Tender, fall off the bone, pork ribs basted in a sweet-sour-spicy sauce. There’s nothing like a rack of ribs fresh off the BBQ to call our minds back to the days of summer. Let’s admit it they just don’t taste the same when you try to replicate them in the oven during the winter months.
So what’s an alternative? Well my friend CC came up with a recipe for a spare rib casserole that’s become a favourite chez Beaulieu-Hobbs. And even better: it’s one casserole pan, and quick and easy.
She couldn’t give me the amount of ribs but we figure that the sauce will work with two racks of ribs. If you have more than that just double the recipe. What you don’t use will keep for three days in the fridge and is great as a basting sauce for baked chicken.
Spare Rib Bake
From my friend CC
Servings: will depend on the size of the ribs
Prep time: 10 minutes
Cooking time: 2 hours
Rack(s) of spare ribs
1/2 cup ketchup
2 tbsp vinegar
2 tsp pepper
salt to taste
1 tbsp french`s mustard
1 tsp brown sugar
1 cup water
Vegetables of your choice cut into serving size pieces: potatoes, carrots, onions etc. Laurent throws in Brussel sprouts for the last 30 minutes.
Preheat oven to 350º.
Mix sauce ingredients until completely combined.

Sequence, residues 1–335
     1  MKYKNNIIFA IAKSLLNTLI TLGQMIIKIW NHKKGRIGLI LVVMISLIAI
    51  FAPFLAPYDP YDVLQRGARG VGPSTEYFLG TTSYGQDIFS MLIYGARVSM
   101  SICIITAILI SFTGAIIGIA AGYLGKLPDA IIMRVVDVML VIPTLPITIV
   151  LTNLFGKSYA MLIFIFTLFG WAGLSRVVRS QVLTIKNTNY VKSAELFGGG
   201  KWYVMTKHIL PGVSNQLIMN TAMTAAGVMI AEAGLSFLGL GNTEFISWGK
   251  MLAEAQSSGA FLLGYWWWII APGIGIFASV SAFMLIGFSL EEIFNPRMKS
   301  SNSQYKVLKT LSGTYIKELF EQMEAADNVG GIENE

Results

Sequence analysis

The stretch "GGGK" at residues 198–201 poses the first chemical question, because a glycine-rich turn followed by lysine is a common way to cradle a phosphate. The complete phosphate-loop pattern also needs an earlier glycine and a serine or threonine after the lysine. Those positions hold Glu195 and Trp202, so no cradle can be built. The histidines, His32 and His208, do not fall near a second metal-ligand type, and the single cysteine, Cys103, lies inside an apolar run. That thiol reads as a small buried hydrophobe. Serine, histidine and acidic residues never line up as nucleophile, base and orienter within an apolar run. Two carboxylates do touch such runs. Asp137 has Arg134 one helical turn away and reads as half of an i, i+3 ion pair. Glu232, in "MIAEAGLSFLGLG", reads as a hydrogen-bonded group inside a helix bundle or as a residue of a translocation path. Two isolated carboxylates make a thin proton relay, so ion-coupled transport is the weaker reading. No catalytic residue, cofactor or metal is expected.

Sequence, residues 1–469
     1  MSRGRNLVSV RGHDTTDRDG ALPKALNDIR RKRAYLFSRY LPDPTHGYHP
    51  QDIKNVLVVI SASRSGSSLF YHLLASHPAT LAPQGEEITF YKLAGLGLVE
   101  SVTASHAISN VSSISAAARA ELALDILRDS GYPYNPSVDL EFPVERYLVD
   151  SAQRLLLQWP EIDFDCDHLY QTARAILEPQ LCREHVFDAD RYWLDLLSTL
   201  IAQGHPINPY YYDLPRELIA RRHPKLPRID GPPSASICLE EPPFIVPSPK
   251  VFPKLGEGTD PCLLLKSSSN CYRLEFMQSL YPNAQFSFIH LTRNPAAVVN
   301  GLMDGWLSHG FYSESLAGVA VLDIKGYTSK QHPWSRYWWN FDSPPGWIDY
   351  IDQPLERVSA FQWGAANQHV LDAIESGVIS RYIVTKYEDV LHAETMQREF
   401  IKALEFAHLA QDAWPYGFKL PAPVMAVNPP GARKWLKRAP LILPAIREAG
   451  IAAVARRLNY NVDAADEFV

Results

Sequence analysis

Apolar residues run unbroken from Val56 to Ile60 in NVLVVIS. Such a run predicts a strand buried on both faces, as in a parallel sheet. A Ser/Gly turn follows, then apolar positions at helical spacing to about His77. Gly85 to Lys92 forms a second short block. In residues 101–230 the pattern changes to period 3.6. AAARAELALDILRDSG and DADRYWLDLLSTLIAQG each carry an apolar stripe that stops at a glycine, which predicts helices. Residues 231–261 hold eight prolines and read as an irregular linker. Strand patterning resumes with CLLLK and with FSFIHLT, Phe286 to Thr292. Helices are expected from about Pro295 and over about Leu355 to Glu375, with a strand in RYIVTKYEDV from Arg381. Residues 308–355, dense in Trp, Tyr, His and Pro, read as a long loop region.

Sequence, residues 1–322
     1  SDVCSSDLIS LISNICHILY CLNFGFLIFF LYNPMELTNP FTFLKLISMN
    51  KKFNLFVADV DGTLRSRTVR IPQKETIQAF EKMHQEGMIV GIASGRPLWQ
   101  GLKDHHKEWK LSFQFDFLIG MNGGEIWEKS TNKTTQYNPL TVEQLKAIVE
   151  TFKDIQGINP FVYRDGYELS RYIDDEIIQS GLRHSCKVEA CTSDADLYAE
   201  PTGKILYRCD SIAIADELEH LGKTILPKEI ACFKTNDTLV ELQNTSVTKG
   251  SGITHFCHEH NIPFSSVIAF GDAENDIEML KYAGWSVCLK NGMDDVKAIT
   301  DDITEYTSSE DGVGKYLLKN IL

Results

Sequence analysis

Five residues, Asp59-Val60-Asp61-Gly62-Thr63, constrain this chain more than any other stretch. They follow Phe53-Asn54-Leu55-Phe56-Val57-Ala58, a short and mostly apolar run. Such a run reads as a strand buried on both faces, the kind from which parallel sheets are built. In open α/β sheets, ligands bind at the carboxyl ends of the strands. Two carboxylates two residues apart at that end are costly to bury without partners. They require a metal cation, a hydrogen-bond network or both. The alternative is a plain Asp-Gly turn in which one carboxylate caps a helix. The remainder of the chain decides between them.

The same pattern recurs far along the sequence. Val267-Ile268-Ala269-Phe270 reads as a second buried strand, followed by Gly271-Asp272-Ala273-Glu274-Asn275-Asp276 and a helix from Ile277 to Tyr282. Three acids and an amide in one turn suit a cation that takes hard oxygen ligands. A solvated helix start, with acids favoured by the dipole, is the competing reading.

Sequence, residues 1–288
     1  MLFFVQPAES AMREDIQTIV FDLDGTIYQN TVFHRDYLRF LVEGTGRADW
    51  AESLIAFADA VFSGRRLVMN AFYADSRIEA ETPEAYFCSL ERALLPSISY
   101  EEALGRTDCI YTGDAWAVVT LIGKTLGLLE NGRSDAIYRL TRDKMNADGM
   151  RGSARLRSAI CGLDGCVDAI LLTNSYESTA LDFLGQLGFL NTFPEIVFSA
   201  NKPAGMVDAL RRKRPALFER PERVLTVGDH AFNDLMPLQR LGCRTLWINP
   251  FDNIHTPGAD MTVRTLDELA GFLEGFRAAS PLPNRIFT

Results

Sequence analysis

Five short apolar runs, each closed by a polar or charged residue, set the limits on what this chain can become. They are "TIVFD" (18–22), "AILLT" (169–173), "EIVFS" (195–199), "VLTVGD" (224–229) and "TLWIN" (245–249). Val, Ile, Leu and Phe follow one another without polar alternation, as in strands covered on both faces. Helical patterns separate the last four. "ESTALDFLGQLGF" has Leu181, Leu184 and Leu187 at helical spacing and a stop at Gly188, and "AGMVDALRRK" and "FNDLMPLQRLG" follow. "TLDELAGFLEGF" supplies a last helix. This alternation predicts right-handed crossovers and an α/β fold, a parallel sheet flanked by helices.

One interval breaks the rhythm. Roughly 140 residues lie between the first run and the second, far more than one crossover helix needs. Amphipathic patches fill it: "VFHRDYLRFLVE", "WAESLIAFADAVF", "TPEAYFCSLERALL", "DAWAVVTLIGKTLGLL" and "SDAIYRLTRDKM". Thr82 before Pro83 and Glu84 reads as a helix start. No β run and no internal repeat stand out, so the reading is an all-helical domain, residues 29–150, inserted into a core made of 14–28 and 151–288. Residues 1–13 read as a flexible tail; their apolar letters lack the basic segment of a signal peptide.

Place ribs and vegetables in a casserole.
Pour sauce over.
Cover and bake for 2 hours basting 3 or 4 times.
For the last 1/2 hour remove cover, flip the ribs and baste.
(Both CC and Laurent have left the cover on until the end and find the result very good – there’s just a lack of colour.)
The word for November 15th is:
Brussel Sprouts brŭs′əlz-sprout: [noun]
1.1 A plant (Brassica oleracea gemmifera) related to the cabbage and cauliflower that is cultivated for its edible small roundish green buds which are borne on its stem and resemble miniature cabbages.
1.2 Any of the edible green buds that are borne on the stems of brussels sprouts, consist of tightly overlapping immature leaves, and are typically cooked as a vegetable.
The plant has been grown in and around the Belgian city of Brussels since the early 11th century and the name was first applied in 1796.